Iaorana te Otea, UCSB’s Polynesian culture group, will bring the music and dance of Tahiti to the stage to raise money for the Make-A-Wish Foundation.
The night will feature four Tahitian dance performances from Iaorana te Otea club members. Ten other dance organizations, including Hui O Lokahi, Black Reign and the UCSB Dance Team will also perform, adding hula, hip hop, jazz and various dances to the night’s line-up. Patrick Lin, a board member from the Make-A-Wish Foundation, will speak at the event.
The event will take place in I.V. Theater on Sunday at 7 p.m. and is expected to last about two and a half hours. Doors will open at 6:30 p.m. Tickets will be $5 for students and $7 for general admission and can be purchased at the door. All of the show’s proceeds will go to the Make-A-Wish Foundation, and envelopes for additional donations will be provided.
The Make-A-Wish Foundation is a charity that raises money to grant the final wishes of children with life-threatening medical conditions.
Club president and senior Asian-American studies major Christine Apa chose to help the Make-A-Wish Foundation when she saw the positive impact the charity had on a family friend’s six-year old daughter who, with the help of Make-A-Wish, visited Disneyland after being diagnosed with a brain tumor.
Paola Lau, senior Spanish major and longtime member of the club, said the group is excited about benefiting such a good cause.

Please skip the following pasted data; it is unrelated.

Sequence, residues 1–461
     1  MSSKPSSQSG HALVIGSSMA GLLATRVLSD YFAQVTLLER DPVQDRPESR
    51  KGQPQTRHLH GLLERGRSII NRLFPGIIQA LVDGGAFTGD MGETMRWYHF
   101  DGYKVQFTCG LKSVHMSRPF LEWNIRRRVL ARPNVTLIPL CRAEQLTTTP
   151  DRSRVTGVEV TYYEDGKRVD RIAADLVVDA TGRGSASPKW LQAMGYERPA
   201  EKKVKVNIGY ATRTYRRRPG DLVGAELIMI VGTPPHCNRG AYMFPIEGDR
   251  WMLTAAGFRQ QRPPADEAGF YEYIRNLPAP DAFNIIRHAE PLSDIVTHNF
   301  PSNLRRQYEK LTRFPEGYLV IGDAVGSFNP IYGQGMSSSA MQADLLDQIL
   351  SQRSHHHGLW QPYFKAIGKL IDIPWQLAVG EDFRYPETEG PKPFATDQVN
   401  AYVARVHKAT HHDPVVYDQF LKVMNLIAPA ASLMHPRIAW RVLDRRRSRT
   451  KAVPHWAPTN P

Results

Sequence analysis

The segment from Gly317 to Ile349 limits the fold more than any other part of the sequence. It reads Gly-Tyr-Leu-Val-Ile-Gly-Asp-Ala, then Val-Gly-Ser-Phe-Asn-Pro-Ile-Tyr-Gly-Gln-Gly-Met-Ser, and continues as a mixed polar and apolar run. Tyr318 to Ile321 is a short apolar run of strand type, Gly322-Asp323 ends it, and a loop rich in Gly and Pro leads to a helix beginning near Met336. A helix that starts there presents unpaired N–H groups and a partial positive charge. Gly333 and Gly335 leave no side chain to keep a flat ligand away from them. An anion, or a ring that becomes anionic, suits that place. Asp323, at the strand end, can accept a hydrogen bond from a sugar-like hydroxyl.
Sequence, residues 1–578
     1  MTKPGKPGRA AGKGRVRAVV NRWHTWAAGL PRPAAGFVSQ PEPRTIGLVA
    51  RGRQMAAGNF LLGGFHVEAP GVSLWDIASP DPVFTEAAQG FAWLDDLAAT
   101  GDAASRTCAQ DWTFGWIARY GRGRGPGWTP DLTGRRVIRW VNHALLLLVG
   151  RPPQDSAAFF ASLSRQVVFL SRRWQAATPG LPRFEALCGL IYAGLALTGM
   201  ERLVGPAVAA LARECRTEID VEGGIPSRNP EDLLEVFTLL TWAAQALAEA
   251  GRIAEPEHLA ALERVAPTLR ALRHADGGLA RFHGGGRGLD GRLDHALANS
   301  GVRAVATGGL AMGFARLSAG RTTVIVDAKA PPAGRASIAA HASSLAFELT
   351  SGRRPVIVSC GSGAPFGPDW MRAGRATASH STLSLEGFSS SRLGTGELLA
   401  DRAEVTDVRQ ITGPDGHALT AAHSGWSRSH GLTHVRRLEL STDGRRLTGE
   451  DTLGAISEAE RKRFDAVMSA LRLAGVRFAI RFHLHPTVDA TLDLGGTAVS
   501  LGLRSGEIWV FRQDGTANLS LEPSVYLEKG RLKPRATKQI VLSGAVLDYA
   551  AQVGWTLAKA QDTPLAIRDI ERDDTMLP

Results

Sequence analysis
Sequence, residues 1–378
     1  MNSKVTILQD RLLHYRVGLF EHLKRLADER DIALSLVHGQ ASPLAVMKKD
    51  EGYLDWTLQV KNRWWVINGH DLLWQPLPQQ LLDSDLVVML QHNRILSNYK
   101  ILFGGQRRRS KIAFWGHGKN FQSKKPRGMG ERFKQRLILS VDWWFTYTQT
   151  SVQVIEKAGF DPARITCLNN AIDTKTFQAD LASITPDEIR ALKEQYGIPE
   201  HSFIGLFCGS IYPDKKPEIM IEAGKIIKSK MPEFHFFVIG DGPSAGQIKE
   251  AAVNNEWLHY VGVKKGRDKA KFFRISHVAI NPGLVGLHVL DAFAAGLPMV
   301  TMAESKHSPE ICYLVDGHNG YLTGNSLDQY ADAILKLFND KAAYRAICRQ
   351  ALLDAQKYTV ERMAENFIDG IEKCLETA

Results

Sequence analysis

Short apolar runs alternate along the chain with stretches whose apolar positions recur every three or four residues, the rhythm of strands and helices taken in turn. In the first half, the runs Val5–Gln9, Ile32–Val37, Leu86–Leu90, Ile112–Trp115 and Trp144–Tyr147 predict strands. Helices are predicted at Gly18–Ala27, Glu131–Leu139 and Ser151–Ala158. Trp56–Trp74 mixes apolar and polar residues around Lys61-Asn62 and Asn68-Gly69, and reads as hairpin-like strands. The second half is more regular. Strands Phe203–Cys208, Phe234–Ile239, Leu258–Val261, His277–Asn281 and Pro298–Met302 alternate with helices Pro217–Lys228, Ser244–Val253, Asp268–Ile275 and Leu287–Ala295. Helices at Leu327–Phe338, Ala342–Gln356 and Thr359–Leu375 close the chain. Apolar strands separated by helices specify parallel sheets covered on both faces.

“We’ve always really wanted to give back to the community,” he said. “It’s our first time [holding such a big event], and it’s going to be a hit. We’re really excited. It’s such a great cause. What better way to give back to the community than by helping out the children?”
Iaorana te Otea was originally founded 11 years ago to break media stereotypes of Polynesian culture and to keep the true traditions of the culture alive. In its early years, the club’s community outreach included visiting elementary schools to teach Polynesian dance to children. Apa said it now focuses on serving the community.
The club rehearses twice a week throughout the year and every day the week before a major performance. The group also holds weekly potlucks that give the members a chance to socialize with each other and unwind from stressful schedules. Apa said planning the event has brought the group closer together and has fostered connections with other groups on campus.